OCB detection in CSF

The OCB detection was performed by isoelectric focusing, with each step performed according to the manufacturer’s instructions. OCB positivity was defined as two or more bands present in CSF and not in serum.

MRI Evaluation

The MRI images of patients within 3 months of disease onset were analyzed. Images were obtained in 1.5 Tesla MRI with a contiguous section thickness of 3 mm. The number of lesions on the T2-weighted images and the number of Gd-enhancing lesions on brain MRI were assessed. The number of lesions (0, 1, ≥2) and the presence of Gd enhancement on MRI of the spinal cord (upper cervical spine, lower cervical spine, and thoracic spine) were recorded.

Treatment Regimens

After diagnosis, the selected treatment regimens in patients were classified as follows: First line; interferon, glatiramer acetate, teriflunamide, dimethyl fumarate, second line; fingolimod, natalizumab, ocrelizumab, and the 3rd line.

Statistical Analysis

Statistical analyses were performed using IBM SPSS (Statistics Package Program for Social Sciences) version 24.0 (IBM Corporation, Armonk, NY, USA). The direction and significance of association between variables were assessed using chi-square test (Fisher’s exact test and Linear-by- Linear Association, where appropriate). Mann-Whitney’s U test as a non-parametric test was used to compare variables between two groups. Continuous variables were expressed as mean ± standard deviation, categorical data as numbers and percentages. When continuous variables were analyzed across groups, normality analyses were performed using Kolmogorov-Smirnov Goodness from fit test. A p value less than 0.05 was accepted as statistical significance.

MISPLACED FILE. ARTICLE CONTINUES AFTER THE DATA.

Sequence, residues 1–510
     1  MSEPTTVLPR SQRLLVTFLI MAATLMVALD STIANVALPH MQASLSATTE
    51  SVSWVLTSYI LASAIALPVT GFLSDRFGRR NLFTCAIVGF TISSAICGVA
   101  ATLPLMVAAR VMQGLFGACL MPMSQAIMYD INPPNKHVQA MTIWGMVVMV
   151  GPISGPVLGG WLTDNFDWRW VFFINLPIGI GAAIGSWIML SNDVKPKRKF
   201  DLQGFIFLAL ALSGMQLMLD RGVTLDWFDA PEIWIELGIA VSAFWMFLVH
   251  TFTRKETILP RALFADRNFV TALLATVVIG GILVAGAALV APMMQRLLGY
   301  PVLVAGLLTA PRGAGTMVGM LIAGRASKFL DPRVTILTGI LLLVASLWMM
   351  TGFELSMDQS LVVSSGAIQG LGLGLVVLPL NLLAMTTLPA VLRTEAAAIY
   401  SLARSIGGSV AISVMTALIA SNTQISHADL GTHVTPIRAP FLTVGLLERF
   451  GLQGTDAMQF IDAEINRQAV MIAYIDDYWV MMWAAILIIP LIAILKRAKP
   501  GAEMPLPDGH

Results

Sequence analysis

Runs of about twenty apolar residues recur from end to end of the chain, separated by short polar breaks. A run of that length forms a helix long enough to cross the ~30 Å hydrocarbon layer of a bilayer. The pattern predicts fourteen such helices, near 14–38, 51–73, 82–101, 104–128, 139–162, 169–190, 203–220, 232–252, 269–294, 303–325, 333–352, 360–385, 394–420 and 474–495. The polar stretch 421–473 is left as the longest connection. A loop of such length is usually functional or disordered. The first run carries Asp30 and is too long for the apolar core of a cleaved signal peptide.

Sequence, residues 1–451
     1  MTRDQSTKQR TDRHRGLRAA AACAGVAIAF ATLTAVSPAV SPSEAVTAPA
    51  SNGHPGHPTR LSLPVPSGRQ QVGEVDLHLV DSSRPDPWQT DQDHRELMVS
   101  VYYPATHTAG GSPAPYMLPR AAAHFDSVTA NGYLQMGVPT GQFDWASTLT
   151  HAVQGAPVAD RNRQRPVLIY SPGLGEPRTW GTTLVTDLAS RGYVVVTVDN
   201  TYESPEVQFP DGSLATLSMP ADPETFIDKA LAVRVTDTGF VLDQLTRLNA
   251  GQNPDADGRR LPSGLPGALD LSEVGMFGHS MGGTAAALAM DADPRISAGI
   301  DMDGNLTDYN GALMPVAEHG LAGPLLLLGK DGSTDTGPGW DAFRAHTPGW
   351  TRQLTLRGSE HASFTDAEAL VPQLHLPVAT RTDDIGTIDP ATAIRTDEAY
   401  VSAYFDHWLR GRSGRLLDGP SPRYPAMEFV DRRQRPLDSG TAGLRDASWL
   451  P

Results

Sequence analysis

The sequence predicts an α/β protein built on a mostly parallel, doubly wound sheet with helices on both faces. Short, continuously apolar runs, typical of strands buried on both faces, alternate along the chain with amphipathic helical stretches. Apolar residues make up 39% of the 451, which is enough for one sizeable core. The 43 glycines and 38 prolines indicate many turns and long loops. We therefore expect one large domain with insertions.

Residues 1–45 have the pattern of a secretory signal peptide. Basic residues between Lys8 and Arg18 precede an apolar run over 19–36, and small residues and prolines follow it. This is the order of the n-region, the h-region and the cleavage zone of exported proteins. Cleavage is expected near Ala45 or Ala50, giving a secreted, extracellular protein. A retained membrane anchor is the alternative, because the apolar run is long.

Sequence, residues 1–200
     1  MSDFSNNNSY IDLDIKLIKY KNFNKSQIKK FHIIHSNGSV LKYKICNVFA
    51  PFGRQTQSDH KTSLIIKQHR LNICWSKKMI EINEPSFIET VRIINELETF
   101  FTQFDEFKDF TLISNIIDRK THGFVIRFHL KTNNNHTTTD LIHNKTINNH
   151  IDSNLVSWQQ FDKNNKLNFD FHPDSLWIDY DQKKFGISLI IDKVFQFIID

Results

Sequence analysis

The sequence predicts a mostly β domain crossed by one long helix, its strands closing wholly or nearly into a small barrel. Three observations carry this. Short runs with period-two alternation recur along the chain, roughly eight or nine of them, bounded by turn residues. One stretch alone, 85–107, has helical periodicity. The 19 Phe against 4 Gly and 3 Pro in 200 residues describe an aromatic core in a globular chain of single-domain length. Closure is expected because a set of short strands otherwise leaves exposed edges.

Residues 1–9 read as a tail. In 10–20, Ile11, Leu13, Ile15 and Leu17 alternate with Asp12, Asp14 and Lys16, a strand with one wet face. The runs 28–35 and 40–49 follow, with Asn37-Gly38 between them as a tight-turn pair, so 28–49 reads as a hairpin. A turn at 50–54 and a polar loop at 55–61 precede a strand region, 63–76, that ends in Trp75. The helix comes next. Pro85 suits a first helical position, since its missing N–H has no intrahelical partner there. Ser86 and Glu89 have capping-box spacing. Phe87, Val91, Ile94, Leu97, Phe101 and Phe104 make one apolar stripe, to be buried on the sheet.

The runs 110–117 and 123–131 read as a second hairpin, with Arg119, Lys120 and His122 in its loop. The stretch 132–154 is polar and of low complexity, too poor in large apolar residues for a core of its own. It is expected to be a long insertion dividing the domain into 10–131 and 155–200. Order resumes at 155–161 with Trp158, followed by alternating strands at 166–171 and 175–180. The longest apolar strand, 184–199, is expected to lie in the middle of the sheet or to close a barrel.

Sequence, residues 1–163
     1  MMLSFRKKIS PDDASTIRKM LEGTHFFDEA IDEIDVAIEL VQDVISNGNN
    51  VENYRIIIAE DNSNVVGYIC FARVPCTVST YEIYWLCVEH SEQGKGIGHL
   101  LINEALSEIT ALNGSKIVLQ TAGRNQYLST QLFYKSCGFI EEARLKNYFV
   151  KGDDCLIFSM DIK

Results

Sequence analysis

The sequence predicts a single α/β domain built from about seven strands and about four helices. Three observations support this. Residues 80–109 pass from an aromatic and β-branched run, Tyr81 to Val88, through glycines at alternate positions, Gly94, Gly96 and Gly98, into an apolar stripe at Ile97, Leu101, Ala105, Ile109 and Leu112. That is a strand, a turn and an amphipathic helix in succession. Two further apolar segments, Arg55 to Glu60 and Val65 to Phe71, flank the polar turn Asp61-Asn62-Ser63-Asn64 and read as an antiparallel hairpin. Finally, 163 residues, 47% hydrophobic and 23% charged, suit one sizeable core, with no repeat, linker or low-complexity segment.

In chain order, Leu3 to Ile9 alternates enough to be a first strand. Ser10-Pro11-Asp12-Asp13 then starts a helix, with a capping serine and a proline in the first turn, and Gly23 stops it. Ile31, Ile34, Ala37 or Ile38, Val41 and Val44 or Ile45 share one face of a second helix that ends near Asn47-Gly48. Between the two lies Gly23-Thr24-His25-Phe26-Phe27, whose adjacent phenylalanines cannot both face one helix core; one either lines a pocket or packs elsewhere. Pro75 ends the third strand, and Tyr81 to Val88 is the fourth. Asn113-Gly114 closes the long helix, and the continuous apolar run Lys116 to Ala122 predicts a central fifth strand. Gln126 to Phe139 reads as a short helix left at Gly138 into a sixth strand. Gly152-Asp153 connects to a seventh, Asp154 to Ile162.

Sixty-four patients (age 16-58 years, disease duration 3-144 months) met the required criteria. Fifty (78.12%) were OCB positive (group 1) and 14 (21.88%) were OCB negative (group 2). All patients in group 1 had type 2 positivity. Routine CSF analysis revealed that the mean white blood cell count (6.81±7.31 and 1.25±1.35, respectively) and IgG index (1.79±1.76 and 0.51±0.07, respectively) were statistically significantly higher in group 1 compared to group 2 (p<0.001) (Table 1). There was no statistically significant difference between groups in terms of age at onset, gender, symptoms at onset, EDSS at OCB sampling, number of relapses, and presence of MS subtypes (RRMS, SPMS, PPMS, PRMS) (p>0.05) (Table 1, Figure 1).

One patient from each group refused to receive DMT. Treatment decisions for the remaining patients are shown in Table 2. In group 1, 91.8% received first-line therapy and 8.2% received second-line therapy. In group 2, 92.3% of patients received firstline therapy, while 7.7% of patients received second-line therapy. Third-line therapy was not required in either group. There was no statistically significant difference between the groups in terms of treatment choice (p>0.05) (Table 2).